This week will undoubtedly witness a great deal of back and forth and back again about Heston's politics, given that most people last saw him not in character but at the podium of NRA rallies. But during his career Heston was an actor who approached each role with deep seriousness, repeatedly returning to the stage in between films until the lines would no longer stay in his memory. As the right- and left-wing comments sections runneth over, the Siren recuses herself. Whether you find his late-period activism admirable or appalling, what does it matter what you say about people? He was some kind of a man, but it's the work that endures.

(Cross-posted at Newcritics.)

48 comments:

surlyh said...

Thanks for this measuring of the man as actor and star, Siren. I think you are spot on about Heston in Touch Of Evil and Big Country (though I don't care for the latter film as you do--I will reserve final judgement until I can see it on the big screen).

With the passing of both Dassin and Heston this week there is a lot of politics going around. Unlike, say, John wayne, Heston didn't push his politics into his films. At least not that I'm aware of.

Campaspe said...

Surly, I remember well that you called it "The Bloated Country" over at George Fasel's place (now there is someone I still miss). I think what attracts me to the movie is that in a way it's a romantic drama, not a Western, with two incredibly beautiful men struggling to wind up with the right incredibly beautiful woman. The futility-of-violence stuff at the end doesn't quite work and there's several sequences that could have used pruning, but my every attempt to apply rational criticism to the movie fails the second Heston gets out of bed in his longjohns.

I also forgot to mention Ruby Gentry. Hubba-hubba.

Jonathan Lapper said...

I love the fight scene in Big Country and Heston is centerstage in that film for me. When I judge an actor on star-quality it often comes down to "Do I watch anyone else in the scene?" With Heston, my eyes were always on him in a scene. When he wasn't there I wanted him to come back.

And I like the Touch of Evil reference you make at the end of the post. It's a great line and works well when applied to Heston.

Great job!

Petr said...

Charlton Heston strikes me as one of the first post-war actors to actually, and wholly, act. There weren't all that many monologues in his roles. He wouldn't be found soliloquizing, except on stage, where it works. No, his commanding physicality and tonal sublety combined with an impossibly level gaze and an evident disdain for inaction and inactivity to put the final nail in the studio coffin and presaged, by many years, ``new hollywood'' realism. In fact, many of his roles, from Moses, to Judah Ben-Hur, to Mike Vargas in 'A Touch of Evil' are about the struggle to articulate what's happening inside: the volitality working the jaw side to side, shaking that powerful frame with its imminence. `Get your stinking hands off of me, you damned dirty ape!' was just that sort of release and few actors could live with that sort of tension for even half a movie. Orson Welles tried it, loved it too much and was destroyed.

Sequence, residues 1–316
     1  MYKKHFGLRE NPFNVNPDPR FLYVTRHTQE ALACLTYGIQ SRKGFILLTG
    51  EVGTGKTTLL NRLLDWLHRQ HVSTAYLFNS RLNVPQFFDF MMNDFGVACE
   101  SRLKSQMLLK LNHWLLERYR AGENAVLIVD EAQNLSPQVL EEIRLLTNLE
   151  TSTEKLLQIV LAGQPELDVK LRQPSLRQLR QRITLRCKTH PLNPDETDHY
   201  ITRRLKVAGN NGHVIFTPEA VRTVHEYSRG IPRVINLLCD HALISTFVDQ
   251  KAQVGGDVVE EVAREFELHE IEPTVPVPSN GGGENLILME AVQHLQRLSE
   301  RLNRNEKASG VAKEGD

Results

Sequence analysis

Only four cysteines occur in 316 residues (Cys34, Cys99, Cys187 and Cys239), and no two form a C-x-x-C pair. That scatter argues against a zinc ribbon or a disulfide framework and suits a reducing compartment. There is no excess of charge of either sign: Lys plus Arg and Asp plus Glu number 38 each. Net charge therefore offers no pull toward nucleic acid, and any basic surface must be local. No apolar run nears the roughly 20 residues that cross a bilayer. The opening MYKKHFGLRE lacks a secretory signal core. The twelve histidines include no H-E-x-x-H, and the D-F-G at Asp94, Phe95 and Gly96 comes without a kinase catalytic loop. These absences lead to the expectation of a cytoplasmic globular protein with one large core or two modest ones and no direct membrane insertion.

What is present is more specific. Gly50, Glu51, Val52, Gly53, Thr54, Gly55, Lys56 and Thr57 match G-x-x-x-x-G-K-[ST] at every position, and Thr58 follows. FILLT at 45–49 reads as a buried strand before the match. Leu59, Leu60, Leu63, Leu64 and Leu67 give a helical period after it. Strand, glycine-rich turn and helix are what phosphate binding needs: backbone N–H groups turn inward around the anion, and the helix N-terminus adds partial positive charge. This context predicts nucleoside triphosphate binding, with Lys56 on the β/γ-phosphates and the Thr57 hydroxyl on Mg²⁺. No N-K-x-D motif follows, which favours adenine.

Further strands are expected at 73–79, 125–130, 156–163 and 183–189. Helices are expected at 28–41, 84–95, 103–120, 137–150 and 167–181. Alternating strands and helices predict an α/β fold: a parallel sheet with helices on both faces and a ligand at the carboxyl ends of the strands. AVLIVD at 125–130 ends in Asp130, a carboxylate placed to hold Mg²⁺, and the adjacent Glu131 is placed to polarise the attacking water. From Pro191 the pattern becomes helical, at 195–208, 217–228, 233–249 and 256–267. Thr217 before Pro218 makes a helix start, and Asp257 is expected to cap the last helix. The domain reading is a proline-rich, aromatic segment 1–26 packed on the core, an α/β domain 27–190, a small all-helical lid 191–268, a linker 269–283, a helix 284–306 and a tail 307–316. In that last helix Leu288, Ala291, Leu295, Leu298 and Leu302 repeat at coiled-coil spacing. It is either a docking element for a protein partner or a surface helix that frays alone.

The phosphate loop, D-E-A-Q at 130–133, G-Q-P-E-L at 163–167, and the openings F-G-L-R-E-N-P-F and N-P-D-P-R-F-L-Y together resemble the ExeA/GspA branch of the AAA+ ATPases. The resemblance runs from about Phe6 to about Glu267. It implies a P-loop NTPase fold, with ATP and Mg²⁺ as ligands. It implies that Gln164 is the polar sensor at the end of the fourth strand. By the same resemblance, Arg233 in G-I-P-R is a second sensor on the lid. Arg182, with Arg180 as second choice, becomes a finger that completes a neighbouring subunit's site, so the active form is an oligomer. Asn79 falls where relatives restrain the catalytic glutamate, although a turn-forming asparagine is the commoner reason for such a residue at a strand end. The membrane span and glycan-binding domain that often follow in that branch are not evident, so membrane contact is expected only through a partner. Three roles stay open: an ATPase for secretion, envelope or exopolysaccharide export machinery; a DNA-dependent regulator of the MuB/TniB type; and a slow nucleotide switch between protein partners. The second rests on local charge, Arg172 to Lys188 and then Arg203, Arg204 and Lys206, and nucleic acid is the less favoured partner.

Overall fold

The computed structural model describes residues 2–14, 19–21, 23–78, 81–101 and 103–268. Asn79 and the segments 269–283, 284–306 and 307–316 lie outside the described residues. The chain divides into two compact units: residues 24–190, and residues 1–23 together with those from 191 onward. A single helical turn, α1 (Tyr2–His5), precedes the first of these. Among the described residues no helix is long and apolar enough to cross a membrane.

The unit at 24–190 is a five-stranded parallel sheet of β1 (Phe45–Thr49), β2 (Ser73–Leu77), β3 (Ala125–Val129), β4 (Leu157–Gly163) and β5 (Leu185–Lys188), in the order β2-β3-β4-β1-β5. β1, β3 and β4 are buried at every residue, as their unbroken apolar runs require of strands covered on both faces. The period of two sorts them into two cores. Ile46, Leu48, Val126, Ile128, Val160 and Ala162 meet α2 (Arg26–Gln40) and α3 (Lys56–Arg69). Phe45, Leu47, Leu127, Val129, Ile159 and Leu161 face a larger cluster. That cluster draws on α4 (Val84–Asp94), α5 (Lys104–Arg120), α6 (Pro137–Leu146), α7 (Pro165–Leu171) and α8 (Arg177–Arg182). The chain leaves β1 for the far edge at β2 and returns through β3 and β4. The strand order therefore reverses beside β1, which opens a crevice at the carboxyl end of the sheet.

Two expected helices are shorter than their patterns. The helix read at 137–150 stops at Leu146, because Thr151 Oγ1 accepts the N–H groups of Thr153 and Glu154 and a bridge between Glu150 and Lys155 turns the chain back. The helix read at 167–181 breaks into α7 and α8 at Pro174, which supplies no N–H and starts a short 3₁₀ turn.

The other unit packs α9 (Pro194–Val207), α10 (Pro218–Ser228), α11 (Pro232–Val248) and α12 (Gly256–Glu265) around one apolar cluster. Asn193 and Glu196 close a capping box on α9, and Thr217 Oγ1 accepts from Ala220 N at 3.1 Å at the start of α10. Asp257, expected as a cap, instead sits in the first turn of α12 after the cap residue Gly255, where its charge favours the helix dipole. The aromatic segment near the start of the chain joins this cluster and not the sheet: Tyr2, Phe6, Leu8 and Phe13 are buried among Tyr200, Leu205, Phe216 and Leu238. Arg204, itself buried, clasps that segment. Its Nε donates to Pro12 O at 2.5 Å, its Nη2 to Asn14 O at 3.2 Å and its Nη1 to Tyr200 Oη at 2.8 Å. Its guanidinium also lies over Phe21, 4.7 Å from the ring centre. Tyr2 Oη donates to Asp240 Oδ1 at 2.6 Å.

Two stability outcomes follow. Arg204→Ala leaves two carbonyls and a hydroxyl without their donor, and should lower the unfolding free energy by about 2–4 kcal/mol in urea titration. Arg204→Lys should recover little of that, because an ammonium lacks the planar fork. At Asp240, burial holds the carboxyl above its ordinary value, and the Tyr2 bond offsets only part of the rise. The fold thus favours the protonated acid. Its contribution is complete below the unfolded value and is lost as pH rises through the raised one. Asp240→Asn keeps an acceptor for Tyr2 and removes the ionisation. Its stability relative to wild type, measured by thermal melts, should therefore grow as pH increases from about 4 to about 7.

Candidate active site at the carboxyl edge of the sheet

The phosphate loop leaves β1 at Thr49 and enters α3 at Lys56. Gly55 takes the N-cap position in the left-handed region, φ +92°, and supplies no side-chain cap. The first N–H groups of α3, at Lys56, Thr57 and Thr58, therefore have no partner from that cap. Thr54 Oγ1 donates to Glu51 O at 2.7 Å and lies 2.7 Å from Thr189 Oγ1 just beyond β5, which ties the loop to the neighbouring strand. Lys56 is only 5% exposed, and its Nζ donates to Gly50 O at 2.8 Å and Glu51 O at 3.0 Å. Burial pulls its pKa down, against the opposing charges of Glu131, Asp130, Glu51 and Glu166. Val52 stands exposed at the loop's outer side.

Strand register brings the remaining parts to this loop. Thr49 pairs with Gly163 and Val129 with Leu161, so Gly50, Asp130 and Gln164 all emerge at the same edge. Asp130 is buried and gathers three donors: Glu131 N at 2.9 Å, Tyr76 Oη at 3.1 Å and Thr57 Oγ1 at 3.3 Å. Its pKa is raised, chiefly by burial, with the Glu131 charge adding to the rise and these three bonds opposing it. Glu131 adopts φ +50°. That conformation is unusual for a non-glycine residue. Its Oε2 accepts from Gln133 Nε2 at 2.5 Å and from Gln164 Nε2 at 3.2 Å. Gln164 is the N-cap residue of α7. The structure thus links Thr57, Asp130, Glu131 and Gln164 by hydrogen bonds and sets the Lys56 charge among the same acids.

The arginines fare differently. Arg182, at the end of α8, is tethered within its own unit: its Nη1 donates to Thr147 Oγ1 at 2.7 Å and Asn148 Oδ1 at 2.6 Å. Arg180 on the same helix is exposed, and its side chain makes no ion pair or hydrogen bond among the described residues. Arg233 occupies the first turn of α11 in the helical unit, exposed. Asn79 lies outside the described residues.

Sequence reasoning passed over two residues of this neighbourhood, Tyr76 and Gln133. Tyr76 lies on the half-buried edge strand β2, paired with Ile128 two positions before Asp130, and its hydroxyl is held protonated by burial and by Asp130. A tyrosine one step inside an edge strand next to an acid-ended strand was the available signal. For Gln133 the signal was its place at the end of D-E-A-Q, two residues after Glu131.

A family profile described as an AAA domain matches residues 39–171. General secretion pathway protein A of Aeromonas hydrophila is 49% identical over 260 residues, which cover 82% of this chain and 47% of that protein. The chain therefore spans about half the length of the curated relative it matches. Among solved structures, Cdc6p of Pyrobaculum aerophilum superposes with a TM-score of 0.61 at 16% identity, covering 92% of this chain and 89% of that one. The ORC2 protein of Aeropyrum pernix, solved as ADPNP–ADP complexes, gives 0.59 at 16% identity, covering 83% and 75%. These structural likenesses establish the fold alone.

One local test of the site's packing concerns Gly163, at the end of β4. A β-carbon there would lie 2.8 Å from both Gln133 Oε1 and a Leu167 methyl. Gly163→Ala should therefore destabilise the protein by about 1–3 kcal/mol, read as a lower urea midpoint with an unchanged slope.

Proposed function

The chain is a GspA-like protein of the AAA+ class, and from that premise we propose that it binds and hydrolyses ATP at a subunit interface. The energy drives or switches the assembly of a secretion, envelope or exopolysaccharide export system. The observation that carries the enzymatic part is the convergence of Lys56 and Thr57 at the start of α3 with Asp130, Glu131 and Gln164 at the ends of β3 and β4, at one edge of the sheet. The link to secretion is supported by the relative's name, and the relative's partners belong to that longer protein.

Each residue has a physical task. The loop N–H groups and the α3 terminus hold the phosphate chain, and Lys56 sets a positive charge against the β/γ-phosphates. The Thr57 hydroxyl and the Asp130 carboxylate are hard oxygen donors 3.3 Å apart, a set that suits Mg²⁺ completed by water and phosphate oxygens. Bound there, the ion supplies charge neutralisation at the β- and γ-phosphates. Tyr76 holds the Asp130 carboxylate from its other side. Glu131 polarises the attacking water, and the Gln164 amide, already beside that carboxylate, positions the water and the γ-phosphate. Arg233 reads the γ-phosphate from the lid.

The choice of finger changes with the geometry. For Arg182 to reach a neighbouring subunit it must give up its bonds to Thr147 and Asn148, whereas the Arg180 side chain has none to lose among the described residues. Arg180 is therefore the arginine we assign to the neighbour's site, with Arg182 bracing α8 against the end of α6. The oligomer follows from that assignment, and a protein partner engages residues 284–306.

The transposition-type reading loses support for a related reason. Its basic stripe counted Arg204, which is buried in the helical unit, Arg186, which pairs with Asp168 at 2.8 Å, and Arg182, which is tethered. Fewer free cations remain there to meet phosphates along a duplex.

If Ben-Hur was filmed today, it would be halved in length and would end with the
chariot race. Not because the audience isn't up to it, but because the actors aren't:
it would be a mere film with mere actors to play mere parts. No actor alive today
could carry the three-sided tension between head, body and heart like Heston, nor do
so for a four hour movie.

Dan Leo said...

It's funny how bits of "business" that an actor does will sometimes just stick in your head.

Like Brando playing with Eva Marie Saint's glove in On the Waterfront.

Or in the beginning of The Magnificent Seven, when Yul Brynner and Steve McQueen offer to drive the hearse up to boot hill. We get duelling "business" from both those great camera hogs: First it's Yul lighting his skinny black cigar, in the way only Yul could light a cigar. Then it's Steve, loading his shotgun, but before he shoves in each shell he puts the shell up to his ear and shakes it, just to make sure it's got a full load of shot in it.

I love that crap, and one of my favorite bits from Charlton is that long-johns scene you talked about. At the end of the scene, Chuck's like, "Okay, I guess I gotta get dressed now," and he grabs his jeans and just power-shoves his legs into them. This was like the coolest scene ever of a dude just pulling his pants on.

Pat said...

A beautifully written tribute (as I would expect.)

You are more familiar with Heston's less iconic film work than I. My main experience of him is in the biblical spectacles and sci-fi work he is best remembered for. I can't say I've had the same appreciation for his work that you have, but you've given me some new perspectives.

But I loved him as Cardinal Richlieu in "The Three Musketeers."

lylee said...

Beautiful tribute! I loved Heston, too, setting politics aside (and you know I share your love of "The Big Country"). But I developed a raging crush on him as an adolescent after seeing him in, yes, "Ben-Hur." Didn't matter to me that he was old enough to be my grandpa: in his prime, he was HOT. As much because of his presence (magnetism personified) as because of his good looks, as you capture so well.